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Collecting Susie Cooper

Photograph of Susie Cooper at work
Susie Cooper 1902-95

Susan Vera Cooper was born on 29 October 1902 near to Burslem, Stoke on Trent, Staffordshire. Being one of seven children, Susie was born into a family with business and property interests, which also included a farm. It was on this farm that she practiced her favourite pastime of drawing, the farm animals most likely, being an inspiration. She developed a keen eye for detail and with her family background of business ventures, she gained some useful information that would help her in the future.

Susie left school in 1917 to start in the family business, but the following year she enrolled for evening classes at the Burslem Art School. Sept 1920, after winning a scholarship on the merits of her high quality work, she commenced a full-time course at the School. It was here that Susie met Gordon Forsyth, the superintendent for art in Stoke-on-Trent, who had recently been appointed to the position. Forsyth was to be a great influence on the young Susie Cooper.

After her course had finished Susie applied for a place at the Royal College of Art but was turned down apparently due to her no industrial experience. Forsyth advised her to take up a place in industry at ,Gray & Co., which was a pottery company in Burslem, Staffordshire. Her job was to be a painter.

Image of a Susie Cooper flower pot. Circa 1920

Edward Gray quickly discovered her talents as a painter and designer, and soon enough Susie was producing her hand-painted floral designs. In 1923 A.E. Gray launched the Gloria Lustre Range employing the technique of lustreware. In 1929, motivated by her desire to design ceramic shapes in addition to decorations, she broke away with her brother-in-law Albert "Jack" Beeson to set up her own business, as Susie Cooper Potteries in Tunstall, Stoke-on-Trent. Unfortunately, the Wall Street crash of 1929 greatly affected industry in the Potteries, and in November (just three weeks after Susie Cooper and her partner had set up in business), the firm was bankrupted.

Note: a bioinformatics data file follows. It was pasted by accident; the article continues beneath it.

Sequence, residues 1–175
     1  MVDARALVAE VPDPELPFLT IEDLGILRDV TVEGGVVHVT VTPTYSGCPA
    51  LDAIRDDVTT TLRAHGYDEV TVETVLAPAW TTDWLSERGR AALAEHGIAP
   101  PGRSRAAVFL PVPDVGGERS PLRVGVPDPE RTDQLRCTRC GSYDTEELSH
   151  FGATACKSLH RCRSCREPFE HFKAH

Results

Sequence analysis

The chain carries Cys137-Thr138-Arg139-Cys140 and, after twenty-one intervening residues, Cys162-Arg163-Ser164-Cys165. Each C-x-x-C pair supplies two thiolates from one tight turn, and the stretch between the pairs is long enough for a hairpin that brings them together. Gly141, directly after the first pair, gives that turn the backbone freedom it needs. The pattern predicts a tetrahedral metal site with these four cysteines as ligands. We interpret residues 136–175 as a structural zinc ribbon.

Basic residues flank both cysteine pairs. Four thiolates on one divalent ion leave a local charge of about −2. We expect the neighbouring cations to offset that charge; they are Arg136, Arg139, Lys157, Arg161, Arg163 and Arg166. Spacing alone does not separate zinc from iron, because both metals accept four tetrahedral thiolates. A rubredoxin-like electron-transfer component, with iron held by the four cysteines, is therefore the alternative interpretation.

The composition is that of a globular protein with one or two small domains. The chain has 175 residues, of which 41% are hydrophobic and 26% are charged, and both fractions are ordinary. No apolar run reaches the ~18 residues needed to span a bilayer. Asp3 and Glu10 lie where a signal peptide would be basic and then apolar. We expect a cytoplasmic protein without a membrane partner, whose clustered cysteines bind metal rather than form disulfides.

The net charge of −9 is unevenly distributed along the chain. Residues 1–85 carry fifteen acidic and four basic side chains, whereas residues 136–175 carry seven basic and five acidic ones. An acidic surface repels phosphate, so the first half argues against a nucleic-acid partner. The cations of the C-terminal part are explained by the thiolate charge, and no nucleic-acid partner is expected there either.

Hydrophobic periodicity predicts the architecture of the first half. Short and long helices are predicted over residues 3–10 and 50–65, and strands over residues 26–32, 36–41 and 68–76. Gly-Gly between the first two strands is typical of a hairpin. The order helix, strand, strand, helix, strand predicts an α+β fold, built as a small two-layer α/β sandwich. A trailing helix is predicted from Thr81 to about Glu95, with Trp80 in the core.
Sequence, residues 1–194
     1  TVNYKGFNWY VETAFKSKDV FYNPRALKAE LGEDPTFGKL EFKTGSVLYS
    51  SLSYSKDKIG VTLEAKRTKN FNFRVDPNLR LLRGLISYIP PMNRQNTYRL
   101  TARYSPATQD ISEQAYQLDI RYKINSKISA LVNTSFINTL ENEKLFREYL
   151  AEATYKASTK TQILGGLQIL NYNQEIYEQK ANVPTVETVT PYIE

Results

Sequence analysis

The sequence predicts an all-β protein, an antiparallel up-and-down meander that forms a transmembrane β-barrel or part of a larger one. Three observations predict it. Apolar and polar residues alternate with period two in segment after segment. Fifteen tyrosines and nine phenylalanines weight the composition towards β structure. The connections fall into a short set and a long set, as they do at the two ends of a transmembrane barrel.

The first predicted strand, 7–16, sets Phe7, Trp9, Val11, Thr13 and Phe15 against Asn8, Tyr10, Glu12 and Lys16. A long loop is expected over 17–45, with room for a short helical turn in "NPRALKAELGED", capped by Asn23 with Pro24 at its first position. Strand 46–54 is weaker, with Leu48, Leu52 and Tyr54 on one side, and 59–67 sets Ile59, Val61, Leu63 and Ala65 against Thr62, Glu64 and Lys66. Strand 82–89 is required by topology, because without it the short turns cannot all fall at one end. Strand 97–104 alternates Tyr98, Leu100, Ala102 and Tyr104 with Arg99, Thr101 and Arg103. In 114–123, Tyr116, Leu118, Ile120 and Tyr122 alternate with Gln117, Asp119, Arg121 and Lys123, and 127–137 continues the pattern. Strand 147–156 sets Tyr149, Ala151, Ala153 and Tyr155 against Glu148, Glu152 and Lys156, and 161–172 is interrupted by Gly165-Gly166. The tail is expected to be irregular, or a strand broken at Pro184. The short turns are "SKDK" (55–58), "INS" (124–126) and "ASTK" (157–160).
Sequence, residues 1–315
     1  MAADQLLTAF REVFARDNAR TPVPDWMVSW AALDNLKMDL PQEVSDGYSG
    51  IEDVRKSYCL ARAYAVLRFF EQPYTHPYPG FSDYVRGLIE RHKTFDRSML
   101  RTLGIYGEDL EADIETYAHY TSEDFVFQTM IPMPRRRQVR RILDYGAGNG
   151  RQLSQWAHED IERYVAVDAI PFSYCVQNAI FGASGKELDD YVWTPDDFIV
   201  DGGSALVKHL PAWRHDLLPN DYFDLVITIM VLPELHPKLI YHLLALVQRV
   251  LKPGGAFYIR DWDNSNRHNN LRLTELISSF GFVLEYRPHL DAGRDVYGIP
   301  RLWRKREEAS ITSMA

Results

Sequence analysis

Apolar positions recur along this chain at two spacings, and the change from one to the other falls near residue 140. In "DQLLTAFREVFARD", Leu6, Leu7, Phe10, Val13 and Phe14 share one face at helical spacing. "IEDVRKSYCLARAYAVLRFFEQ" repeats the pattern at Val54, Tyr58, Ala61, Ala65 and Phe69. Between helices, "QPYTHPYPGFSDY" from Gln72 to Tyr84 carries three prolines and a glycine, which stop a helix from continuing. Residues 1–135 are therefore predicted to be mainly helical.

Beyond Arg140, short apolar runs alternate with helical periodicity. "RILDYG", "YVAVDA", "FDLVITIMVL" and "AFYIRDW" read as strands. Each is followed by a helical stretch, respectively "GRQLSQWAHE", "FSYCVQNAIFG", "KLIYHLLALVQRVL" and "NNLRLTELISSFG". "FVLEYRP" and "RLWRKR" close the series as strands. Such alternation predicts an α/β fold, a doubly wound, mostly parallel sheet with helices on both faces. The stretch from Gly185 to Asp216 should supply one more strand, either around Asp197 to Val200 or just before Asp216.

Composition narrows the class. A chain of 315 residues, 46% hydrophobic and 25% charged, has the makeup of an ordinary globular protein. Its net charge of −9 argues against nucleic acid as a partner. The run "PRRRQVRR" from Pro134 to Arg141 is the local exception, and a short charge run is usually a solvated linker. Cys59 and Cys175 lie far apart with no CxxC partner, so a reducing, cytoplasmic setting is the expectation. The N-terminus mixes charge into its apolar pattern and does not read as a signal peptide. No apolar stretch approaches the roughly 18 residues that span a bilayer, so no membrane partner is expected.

However, by early 1930, a new factory premises at the Chelsea Works was located, and the Susie Cooper business was well and truly founded. By the late 1930s, Susie's Company was supplying famous London stores like Harrods, Peter Jones, Selfridges, Heals and Waring & Gillow. Not only was her tableware affordable but it was modern, functional and used innovative designs.
Image of a Susie Cooper Kestrel Tea service

The 1950s and 60s Susie Cooper went from strength to strength, always experimenting. She designed her ware to suit the changing fashions of the decades which made her wares ever popular. Fine china became prominent from the 1950s with her acquisition of the Jason China Company Ltd. which then became known as Susie Cooper China Ltd.

Her aim was to turn the china produced into a more prestigious brand of ware with style and quality. Due to a serious fire in 1957 at the Crown Works, she had to rebuild her business, merging with R.H and S.L Plant to form The Tuscan Holdings Group - their aim was to produce quality china dinnerware as well as tea and coffee ware. During this time, Susie introduced the 'can shape' design of cup, which is still used by pottery firms today.

1966 led to an approach from Wedgwood to take over The Tuscan Holdings Group, which was accepted. Although probably not what she wanted it was felt that the involvement of this strong Company would only benefit to help her continuing work. This partnership lasted until 1972 and produced popular designs such as Corn Poppy. After 50 years of Susie's life involved with her beloved Crown Works it was closed in 1980. At the age of 80 she retired to live on the Isle of Man, where she died on 28th July 1995. Like other well known pottery designers such as Clarice Cliff

Her work has become highly sought after and valued by pottery collectors around the world..

Image of a Susie Cooper water jug

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